Steven Spielberg’s The Post, furiously filmed and edited while the director’s Ready Player One was in the waiting room, lives and dies on the dialectic tension between its directors’ childlike enthusiasm for the newspaper industry and his curiosity for the realpolitik which both deflates enlivens the dream of an easy or natural democracy. Spielberg, even the liberal, is essentially defensive about democracy’s ability to surpass itself. He introduces himself into the strand of Enlightenment thought which approaches democracy’s thought-project with tempered appreciation, exposing its limits and its strengths and ultimately emphasizing the social contest and progressivism which stems from within the democratic liberal tradition rather than outside it.
Which is to say: Spielberg’s cinematic project is possibly at the expense of more radical forms of social critique which might come from outside the pall of mainstream democracy or ask more complicated questions about the nature of freedom of the press and its capacity for social change. The Post is Oscarbait entertainment, meaning that it does not seriously engage with the meaning or nature of freedom within liberalism or the US, nor does it expose the contradictions of democracy which oppress and liberate often in tandem. But the vivaciousness with which Spielberg believes in his framework inflates democracy all the more so, at least momentarily convincing even the most stalwart of skeptics that there is, however mediated and however staggered and however imperiled and however complicit with oppression, some sense in which the US political and social framework exposes the open wounds that fester within it.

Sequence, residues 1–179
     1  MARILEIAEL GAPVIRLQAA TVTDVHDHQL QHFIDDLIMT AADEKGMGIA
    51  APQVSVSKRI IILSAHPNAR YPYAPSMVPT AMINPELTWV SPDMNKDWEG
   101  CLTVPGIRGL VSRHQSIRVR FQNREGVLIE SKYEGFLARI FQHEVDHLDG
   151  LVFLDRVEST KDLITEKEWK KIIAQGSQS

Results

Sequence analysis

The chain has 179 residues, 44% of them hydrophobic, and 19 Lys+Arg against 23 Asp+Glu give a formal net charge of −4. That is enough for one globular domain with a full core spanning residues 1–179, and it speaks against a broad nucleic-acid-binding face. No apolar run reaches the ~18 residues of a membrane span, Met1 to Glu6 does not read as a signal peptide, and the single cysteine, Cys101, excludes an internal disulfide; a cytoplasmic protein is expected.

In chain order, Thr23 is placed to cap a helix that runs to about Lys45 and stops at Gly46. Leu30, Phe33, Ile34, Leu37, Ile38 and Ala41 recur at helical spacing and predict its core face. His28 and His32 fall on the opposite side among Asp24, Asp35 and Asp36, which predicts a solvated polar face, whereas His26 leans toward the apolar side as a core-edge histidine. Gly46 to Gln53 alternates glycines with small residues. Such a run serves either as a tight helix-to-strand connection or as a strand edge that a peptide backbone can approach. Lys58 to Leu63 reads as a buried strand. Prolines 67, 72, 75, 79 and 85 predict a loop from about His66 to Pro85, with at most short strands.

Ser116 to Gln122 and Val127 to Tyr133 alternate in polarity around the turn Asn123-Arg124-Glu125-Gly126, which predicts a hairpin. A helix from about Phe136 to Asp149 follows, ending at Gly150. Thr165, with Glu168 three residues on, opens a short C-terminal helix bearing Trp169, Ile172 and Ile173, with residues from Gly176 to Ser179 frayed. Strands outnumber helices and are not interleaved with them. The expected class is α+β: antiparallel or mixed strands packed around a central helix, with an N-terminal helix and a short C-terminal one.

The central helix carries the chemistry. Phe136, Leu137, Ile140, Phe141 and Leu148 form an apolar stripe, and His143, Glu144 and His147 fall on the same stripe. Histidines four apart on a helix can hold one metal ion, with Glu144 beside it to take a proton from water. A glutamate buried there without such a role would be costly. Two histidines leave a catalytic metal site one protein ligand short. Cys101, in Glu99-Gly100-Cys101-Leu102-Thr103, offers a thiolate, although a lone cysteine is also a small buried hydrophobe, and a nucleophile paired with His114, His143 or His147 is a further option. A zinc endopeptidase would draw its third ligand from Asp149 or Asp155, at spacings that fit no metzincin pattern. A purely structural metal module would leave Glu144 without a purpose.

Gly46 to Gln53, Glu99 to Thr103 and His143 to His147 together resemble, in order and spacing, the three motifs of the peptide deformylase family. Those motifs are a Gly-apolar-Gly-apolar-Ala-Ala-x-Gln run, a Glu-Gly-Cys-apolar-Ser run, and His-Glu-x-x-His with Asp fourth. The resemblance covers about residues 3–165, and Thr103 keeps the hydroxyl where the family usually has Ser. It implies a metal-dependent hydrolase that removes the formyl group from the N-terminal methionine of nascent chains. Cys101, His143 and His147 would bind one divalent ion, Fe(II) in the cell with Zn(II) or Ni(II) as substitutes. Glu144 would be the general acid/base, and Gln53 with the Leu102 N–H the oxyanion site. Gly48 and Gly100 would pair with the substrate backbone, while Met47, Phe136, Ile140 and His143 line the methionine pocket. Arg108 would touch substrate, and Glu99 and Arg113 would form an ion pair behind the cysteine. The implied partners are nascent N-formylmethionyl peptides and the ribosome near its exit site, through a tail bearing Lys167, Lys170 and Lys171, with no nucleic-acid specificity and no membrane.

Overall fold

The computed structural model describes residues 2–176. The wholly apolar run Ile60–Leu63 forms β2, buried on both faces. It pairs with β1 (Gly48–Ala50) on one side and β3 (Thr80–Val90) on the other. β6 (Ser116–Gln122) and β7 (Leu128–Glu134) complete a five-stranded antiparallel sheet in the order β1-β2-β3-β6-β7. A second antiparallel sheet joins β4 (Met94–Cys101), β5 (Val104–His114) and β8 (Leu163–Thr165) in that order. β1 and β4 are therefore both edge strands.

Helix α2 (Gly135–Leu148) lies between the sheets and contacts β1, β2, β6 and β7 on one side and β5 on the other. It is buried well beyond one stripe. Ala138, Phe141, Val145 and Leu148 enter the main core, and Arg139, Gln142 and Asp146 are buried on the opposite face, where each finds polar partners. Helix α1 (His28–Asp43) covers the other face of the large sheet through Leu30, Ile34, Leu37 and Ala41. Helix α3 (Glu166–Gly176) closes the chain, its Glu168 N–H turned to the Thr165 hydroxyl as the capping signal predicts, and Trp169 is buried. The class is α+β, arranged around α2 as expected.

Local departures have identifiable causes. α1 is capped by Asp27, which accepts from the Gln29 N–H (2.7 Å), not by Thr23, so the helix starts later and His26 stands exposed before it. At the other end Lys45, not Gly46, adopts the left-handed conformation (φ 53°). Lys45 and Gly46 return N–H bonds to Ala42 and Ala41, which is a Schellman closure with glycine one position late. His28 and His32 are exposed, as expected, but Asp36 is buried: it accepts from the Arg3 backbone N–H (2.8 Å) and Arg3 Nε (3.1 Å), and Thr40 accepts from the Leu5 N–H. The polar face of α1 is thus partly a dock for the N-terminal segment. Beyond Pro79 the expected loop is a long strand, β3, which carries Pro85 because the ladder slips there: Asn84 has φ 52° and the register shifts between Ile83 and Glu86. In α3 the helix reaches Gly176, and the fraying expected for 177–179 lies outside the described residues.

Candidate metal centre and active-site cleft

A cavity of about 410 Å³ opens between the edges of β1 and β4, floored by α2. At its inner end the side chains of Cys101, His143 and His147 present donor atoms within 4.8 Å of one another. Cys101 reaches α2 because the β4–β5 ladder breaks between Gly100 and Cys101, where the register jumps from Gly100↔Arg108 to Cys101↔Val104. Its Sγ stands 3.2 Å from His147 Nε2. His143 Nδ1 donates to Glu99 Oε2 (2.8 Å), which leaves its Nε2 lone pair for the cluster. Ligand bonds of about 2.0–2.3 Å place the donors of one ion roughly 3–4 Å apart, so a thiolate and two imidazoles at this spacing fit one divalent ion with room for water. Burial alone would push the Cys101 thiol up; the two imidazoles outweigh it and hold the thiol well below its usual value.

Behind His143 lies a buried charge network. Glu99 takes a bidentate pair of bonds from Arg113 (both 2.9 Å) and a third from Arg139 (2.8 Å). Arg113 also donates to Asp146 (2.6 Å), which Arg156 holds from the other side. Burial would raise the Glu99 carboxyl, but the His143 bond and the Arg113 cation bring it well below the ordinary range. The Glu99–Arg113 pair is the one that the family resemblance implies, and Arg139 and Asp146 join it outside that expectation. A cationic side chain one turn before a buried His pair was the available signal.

Or, at least, provides a space for alternative perspectives to pry ajar the various oppressions of power which percolate out of statecraft and form America’s social basis just as much as any sense of equality or freedom. If Spielberg’s perspective is naïve, his passion rather astonishingly assaults his innocence and questions his own presumptions of opportunity throughout, showcasing just how embattled freedom truly is. In this sense, Spielberg’s film not only represents but embodies a particular framework of democracy, one where constant self-questioning is the ultimate ideal to which any system, or any film, ought to aspire. His film is committed, in other words, but reasonably self-critical about its commitment. And luckily for Spielberg, these questions are animating, not distracting. Even more than Ready Player One, where Spielberg’s camera perused the cinematic and cultural landscape of his own making with a curious but distant fascination for its entropic potential, radiating the endless curiosity of an academic observer analyzing the work of his friends, The Post is plainly an ode to Spielberg’s heroes. Not to his contemporaries, in other words, or his students, but his forebears, and Spielberg is obviously excited by the prospect of studying, filming, even becoming them.
Now, these heroes are not necessarily Katharine Graham (Meryl Streep) or Ben Bradlee (Tom Hanks), respectively the editor and owner of the Washington Post who must decide whether to print the Pentagon Papers which reveal the US’ pernicious, foolhardy, and self-serving involvement in Vietnam at the risk of government censure. No, The Post fairly transparently bleeds for the soul of the classic newspaper film, much as Spielberg’s War Horse lost its head for the sentimental war picture, Lincoln was giddy for the hard-headed, no-nonsense Americana biopic, and Bridge of Spies was head over heels for the spy thriller. Of course, as with Lincoln, the best of that lot, The Post is not uncritically fawning, nor eyes agape, although it is certainly exuberant about the equation of the media with democracy, both in its empowering and imperiled dimensions. For Spielberg, not only the press media but the cinematic media of the newspaper film, like all of these classical Hollywood genres, is a facsimile of democracy: a collective contribution to a national self-critique, a power-complicit but possibly power-imploding contest between many participants and factions dedicated, at their best, to exposing and critiquing the truth as well as questioning the valences of “truth” and how it bleeds into fiction. For Spielberg, cinema is and can be a democratic endeavor.